What was the worst/best experience you have had in your musical career?
DJ Collette: Many scary flights! I recently was on a plane when the wing slightly cracked and we had to make an emergency landing. That's when you ask yourself "Do I really need to be flying every week?". Then you remember all of the great experiences, which definitely outweigh the negative, and you get your ass back on the plane.
What were you doing before you started your music career?
DJ Collette: I was in school. As soon as I graduated I focused everything on music. I worked at a record shop, a record label, and a few different nightclubs as a promoter.
Your personal favorite musicians?
DJ Collette: Frou Frou, Police, Bjork, Gypsy Kings,Fleetwood Mac, Deee-Lite.
What do you think of Chicago expanding it's horizons from EDM into free city sponsored events such as the ones in Grant Park?
DJ Collette: I think that it shows how far dance music has come for the city to recognize it's importance in our community. Jazz and Blues have forever been highlighted in the city, but house music hasn't, even though it's been thriving in Chicago for more than twenty years.
Besides Chicago where is your favorite place to play?
DJ Collette: Right now I'm really loving playing in Southern California. It reminds me of old school parties in Chicago.
How was the "Love Parade" in San Francisco - I understand you were
working at the "My Space" booth?
DJ Collette: I also got to play on the Om float that day. Beyond the chilly weather, the event was perfect. It was an overload of the senses...every few steps there was a sound system. It was a great sight to see in a time when everyone thinks that dance music is losing it's impact in the States.
Do you believe musicians/actors should get involved in politics?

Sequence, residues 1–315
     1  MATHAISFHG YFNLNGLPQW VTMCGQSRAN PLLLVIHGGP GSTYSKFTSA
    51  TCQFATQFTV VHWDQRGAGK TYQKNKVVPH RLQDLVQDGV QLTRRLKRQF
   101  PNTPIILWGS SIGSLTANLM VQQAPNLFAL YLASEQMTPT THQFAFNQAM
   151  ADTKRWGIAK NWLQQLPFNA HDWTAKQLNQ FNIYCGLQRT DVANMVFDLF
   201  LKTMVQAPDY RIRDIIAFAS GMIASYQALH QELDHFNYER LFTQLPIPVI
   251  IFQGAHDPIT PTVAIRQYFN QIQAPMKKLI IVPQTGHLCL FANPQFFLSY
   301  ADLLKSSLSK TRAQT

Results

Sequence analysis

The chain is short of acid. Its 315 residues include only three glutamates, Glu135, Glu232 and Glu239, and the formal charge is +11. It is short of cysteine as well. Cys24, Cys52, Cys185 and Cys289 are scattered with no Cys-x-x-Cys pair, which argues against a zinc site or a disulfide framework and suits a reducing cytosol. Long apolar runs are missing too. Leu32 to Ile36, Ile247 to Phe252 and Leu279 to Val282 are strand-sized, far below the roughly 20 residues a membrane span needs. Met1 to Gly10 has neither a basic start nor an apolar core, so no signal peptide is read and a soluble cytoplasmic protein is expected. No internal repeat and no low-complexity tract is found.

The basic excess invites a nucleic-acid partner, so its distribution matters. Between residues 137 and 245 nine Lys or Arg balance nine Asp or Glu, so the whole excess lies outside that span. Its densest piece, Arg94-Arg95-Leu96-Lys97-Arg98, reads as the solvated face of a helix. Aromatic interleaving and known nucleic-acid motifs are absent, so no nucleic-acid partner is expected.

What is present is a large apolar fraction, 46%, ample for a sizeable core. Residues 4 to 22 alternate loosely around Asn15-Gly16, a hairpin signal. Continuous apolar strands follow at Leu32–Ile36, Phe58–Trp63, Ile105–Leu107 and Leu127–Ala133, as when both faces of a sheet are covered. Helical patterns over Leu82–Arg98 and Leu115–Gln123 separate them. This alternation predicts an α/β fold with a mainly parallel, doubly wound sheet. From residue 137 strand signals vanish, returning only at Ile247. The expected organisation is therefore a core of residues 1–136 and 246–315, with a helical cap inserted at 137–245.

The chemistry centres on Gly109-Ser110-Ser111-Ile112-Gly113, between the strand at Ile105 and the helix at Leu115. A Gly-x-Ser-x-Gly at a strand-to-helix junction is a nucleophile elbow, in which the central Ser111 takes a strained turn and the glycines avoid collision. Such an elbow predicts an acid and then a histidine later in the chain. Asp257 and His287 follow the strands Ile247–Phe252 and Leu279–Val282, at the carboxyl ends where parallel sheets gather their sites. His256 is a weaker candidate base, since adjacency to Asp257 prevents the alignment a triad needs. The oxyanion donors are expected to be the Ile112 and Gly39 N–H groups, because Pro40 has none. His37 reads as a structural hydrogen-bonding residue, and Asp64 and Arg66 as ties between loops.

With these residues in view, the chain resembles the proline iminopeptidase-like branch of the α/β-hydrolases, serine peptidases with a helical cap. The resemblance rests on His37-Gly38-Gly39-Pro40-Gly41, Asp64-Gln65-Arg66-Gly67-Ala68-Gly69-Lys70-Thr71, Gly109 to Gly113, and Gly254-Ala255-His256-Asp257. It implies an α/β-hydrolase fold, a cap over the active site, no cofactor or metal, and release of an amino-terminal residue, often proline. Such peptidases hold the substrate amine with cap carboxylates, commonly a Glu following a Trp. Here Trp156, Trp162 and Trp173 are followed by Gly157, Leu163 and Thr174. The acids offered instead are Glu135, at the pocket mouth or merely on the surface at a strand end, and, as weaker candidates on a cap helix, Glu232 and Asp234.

DJ Collette: I believe that everyone has the right to express their beliefs and support whatever causes they find relevant.
How often do you rehearse and write? Is it a daily thing?
DJ Collette: While I've been recording my album, I've been in the studio 3 to 4 days a week. When I didn't have this big project I was probably only writing 2 days out of the week and touring 3 days. Sometimes I get new ideas singing live. A mistake can turn into a great song.
DJ Collette: I don't really have a favorite book, but two of my favorite authors at the moment are David Sedaris and Dan Brown.
What's your secret to getting noticed - any tips for fellow D.J.'s?
DJ Collette: The best way to get noticed is to save all your drama for your performance. I think having a good attitude combined with serious skills is a perfect combination for getting anyone's attention.
You won a dance star award at WMC 2004 for best song in a commercial.
How did this impact your career?
DJ Collette: It didn't change that much for me, although it was highly flattering to win that award with Felix da Housecat and Paul Van Dyk. We spent a lot of time on those commercials so it was an extra bonus to be acknowledged for all that work.
What is the best thing you have ever done - outside of music?
DJ Collette: This still involves music, but the best thing I ever did outside of "dance music" was to teach. I used to teach kids music and art. It was something I was seriously considering for my occupation in life.
What was your best subject in school?
DJ Collette: Art, Music, and English. My parents were High School teachers. You had to do well in most subjects.
Is there a certain type of music/song that because of someone changed your opinion for the better/worse?
DJ Collette: About ten years ago I met Todd Kasten. He's a great friend of mine who really opened up my ears to a plethora of music. I would go to punk shows and rock shows ... anything that I normally wouldn't have experienced he brought me to. He made me more aware of how much great music is out there in all genres.
What inspires you?
DJ Collette: So many things! Watching people dance, getting lost in music where I forget about everything, laughing with my girlfriends (who really are the funniest people on the planet), and spending that rare moment outside of the city whether it be on the beach or in the desert.
Writer: Penny Hayward